California comfort

Matt Costa at the Paradise, February 29, 2008
By DANNY DEZA  |  March 3, 2008
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Matt Costa

Young girls in the front row squirmed in anticipation to see the man whose music career never should’ve never happened. After an accident that put his pro skateboarding career on hold, Matt Costa turned to music and brought his California tunes to the Paradise last Friday to warm up the cold Boston night.

Jesus look-alike Jonathan Rice opened the show, and his lyrics were anything but uplifting. Singing about tainted love and blue-eyed Egyptians, Rice’s performance was mellow; but a sing-along stirred up the crowd. “We’re all stuck out in the desert and we’re all gonna die,” he sang as the crowd joined in.
 
Matt Costa appeared on stage with a strum of his guitar as the red lights draped his skinny body and flickered with each chord. His bandmates followed after him and huddled around the singer, motionless, statuesque. Costa’s mustache puts Ron Jeremy to shame and his lyrics stay in your head like a bad Britney Spears song, all adding to the catchy folk effect that Costa is known for.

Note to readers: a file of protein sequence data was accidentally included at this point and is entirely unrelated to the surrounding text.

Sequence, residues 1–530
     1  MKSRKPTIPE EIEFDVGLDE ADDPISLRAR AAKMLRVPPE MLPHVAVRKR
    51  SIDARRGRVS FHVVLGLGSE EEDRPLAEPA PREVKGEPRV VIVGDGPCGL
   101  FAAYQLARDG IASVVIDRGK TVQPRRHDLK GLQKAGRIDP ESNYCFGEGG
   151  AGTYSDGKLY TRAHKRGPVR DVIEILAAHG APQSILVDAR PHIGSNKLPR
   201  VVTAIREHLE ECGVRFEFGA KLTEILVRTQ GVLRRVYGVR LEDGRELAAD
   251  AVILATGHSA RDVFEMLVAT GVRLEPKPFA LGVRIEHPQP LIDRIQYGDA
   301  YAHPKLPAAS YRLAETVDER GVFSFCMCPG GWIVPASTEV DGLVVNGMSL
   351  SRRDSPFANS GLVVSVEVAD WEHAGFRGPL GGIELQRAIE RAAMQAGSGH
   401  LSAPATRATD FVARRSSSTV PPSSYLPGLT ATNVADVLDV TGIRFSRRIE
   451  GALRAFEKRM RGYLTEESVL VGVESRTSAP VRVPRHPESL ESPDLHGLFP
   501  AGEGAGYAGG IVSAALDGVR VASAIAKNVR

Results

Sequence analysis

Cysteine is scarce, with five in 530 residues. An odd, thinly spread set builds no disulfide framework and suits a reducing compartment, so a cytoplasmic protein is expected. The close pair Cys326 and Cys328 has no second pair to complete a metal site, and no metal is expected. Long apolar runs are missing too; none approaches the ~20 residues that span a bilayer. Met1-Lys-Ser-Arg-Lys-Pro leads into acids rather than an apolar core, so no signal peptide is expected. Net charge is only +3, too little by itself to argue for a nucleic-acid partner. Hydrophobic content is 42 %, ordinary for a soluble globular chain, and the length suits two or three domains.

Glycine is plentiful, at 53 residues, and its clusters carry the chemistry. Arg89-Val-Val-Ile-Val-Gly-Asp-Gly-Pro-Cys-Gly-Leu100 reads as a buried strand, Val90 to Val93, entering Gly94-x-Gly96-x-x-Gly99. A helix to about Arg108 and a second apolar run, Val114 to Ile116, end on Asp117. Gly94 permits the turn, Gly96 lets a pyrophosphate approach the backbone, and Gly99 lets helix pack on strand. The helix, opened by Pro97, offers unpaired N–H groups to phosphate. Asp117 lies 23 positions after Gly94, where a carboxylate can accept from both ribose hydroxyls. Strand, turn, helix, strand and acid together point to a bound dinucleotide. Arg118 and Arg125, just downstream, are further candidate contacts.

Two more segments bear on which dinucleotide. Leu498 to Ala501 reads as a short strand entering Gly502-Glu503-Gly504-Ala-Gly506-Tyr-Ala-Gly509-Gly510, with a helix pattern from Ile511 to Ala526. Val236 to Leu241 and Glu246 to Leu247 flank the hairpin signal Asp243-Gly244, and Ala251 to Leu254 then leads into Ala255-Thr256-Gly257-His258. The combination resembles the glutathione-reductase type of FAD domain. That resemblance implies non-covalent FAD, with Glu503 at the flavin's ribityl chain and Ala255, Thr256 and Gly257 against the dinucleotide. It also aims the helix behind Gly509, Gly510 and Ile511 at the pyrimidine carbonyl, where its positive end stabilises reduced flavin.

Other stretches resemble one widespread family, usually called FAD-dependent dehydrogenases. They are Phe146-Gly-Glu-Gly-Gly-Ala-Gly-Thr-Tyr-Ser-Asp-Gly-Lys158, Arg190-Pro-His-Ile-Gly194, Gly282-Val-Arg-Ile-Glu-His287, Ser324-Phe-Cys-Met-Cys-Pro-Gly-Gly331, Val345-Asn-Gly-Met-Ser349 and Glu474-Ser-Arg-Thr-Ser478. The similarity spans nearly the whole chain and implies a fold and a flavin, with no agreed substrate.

He began the show with “Taxi Cab,” about escaping your troubles through a simple cab ride to anywhere, setting the bar for a night of angelic tunes and country twang. Towards the middle of the show, Costa shuffled to his keyboard and hunched over the keys as if someone had threatened to steal it. With the touch of two keys, “Mr. Pitiful” began, the crowd erupted, and Costa’s southern comfort turned into a pop star fiasco.

As the night came to a close, Costa made a toast: “This is dedicated to Mark Twain and Samuel Clemens, whether you are in heaven or in hell,” he said, drink in hand. He ended the show with his harmonica and guitar and a warm, California jam encore which left the crowd thawed.

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